The Retired Greyhound Trust works in conjunction with the public and the Greyhound industry to find homes for retired and unwanted racing dogs. It works to find solutions to the problem of unwanted greyhounds. It performs a variety of activities that serve the interests of racing greyhounds and operates its own subsidiary company whose profits serve the trust. This article will provide an insight into the Retired Greyhound Trust.
Greyhounds are working dogs intended to make a profit for their owners. However, not all are successful and they grow old. Those which are not used as stud [the less successful ones] may be in danger of being neglected or put down, even though they have life ahead of them. The Trust rejects putting down dogs merely because they have no economic use and it will never put down a healthy greyhound. Instead it concentrates on rehoming them.
The trust clearly has kennels which can take a greyhound when it is first received. However, the prime aim is to find a new, loving home for the hound. The trust runs a greyhound adoption service so that even if a person cannot take a hound home, he/she can pay for its keep and will receive pictures and cards detailing its progress.
The trust works in conjunction with the RSPCA who may alert them when inspectors find maltreated greyhounds.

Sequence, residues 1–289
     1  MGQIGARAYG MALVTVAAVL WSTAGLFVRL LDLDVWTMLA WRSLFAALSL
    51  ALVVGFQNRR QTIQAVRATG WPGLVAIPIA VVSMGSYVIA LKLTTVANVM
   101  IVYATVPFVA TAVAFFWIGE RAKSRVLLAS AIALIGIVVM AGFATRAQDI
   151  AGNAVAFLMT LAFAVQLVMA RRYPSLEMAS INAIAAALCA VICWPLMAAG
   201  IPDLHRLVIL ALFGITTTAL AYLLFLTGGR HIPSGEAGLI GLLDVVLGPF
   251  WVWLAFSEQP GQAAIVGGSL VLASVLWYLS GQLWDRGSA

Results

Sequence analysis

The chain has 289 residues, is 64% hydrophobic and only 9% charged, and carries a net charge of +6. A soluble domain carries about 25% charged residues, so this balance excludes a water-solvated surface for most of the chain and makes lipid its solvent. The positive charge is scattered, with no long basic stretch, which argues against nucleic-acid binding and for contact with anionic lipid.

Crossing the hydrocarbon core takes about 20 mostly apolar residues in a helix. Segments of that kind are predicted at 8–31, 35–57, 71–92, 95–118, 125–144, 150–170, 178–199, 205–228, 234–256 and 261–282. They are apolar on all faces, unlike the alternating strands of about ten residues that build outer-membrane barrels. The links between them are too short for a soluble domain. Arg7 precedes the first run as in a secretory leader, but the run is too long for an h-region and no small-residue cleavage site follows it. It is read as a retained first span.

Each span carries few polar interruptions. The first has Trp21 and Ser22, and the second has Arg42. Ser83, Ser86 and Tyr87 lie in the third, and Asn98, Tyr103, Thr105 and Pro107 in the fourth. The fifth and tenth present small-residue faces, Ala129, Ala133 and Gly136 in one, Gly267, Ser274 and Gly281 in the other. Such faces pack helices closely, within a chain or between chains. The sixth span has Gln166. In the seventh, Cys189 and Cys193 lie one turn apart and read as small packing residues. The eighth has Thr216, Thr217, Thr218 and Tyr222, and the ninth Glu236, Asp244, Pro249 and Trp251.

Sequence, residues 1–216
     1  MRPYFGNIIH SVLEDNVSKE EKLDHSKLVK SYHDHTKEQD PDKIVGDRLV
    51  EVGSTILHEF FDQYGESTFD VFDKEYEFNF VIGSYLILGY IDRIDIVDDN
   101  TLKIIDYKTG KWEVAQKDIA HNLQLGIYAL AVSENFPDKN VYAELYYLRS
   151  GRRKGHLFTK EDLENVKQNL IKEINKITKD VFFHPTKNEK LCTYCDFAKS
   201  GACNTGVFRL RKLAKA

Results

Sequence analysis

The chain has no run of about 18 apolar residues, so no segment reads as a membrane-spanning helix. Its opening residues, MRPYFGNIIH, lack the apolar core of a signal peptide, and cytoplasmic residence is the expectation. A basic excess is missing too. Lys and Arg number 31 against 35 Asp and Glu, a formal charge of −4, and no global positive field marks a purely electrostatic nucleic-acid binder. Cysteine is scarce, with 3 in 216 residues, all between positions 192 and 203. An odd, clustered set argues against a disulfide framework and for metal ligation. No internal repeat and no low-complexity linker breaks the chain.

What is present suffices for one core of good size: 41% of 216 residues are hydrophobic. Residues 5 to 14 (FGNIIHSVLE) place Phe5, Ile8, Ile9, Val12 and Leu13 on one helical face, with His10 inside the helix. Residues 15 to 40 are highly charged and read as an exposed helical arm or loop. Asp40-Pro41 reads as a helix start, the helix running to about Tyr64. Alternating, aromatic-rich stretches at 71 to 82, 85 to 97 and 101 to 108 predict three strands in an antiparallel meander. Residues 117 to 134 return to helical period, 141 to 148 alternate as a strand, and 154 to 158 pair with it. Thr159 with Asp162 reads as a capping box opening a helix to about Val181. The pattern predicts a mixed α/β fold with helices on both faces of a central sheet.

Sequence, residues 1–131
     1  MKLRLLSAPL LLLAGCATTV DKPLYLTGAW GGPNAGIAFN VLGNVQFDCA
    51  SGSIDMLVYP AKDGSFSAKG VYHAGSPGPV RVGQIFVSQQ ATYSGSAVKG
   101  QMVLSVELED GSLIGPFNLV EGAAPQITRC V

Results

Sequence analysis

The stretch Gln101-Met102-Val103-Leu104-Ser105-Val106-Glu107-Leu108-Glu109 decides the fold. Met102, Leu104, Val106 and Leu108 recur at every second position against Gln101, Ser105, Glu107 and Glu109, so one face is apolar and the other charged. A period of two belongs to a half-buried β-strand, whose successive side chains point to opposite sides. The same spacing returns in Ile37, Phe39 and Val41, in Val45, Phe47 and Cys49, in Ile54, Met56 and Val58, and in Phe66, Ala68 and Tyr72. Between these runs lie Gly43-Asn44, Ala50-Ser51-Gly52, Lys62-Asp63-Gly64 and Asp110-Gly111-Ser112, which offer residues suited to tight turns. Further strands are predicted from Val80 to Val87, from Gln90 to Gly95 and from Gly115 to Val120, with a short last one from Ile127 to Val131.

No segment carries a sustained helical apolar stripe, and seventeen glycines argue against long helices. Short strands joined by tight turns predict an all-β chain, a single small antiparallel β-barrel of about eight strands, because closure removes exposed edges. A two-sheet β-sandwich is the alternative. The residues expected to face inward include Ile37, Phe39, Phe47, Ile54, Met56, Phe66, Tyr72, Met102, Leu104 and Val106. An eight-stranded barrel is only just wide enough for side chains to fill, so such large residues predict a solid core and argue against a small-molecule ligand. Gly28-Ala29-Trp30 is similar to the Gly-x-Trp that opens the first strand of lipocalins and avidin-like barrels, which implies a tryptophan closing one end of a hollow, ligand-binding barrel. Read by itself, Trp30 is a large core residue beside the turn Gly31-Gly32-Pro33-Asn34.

They also have dealings with the British Greyhound Racing Federation who work with the Retired Greyhound Trust to find solutions to the problems of retired greyhounds. In this area, the trust exercises an educational function, alerting owners to the problems of retired hounds and possible solutions.
The trust is a registered charity run by a board of trustees. There are several luminaries from the greyhound racing world sitting on the committee to make the link between the trust and the industry and to give a sign of the industry's approval of the trust.
The British Greyhound Racing Federation makes an annual donation to the trust though recently, financial pressures have caused this to decline. However, public donations are growing.
The trust runs a subsidiary company that sells greyhound merchandise. For example, if a dog goes to a new home, the company can sell the new owner what it needs. It sells gift cards and general greyhound merchandise at racetracks, sending the profits to the trust to fund its work.
The trust holds sponsored events such as a recent greyhound walk or family fun day and will have a stall at country shows and fairs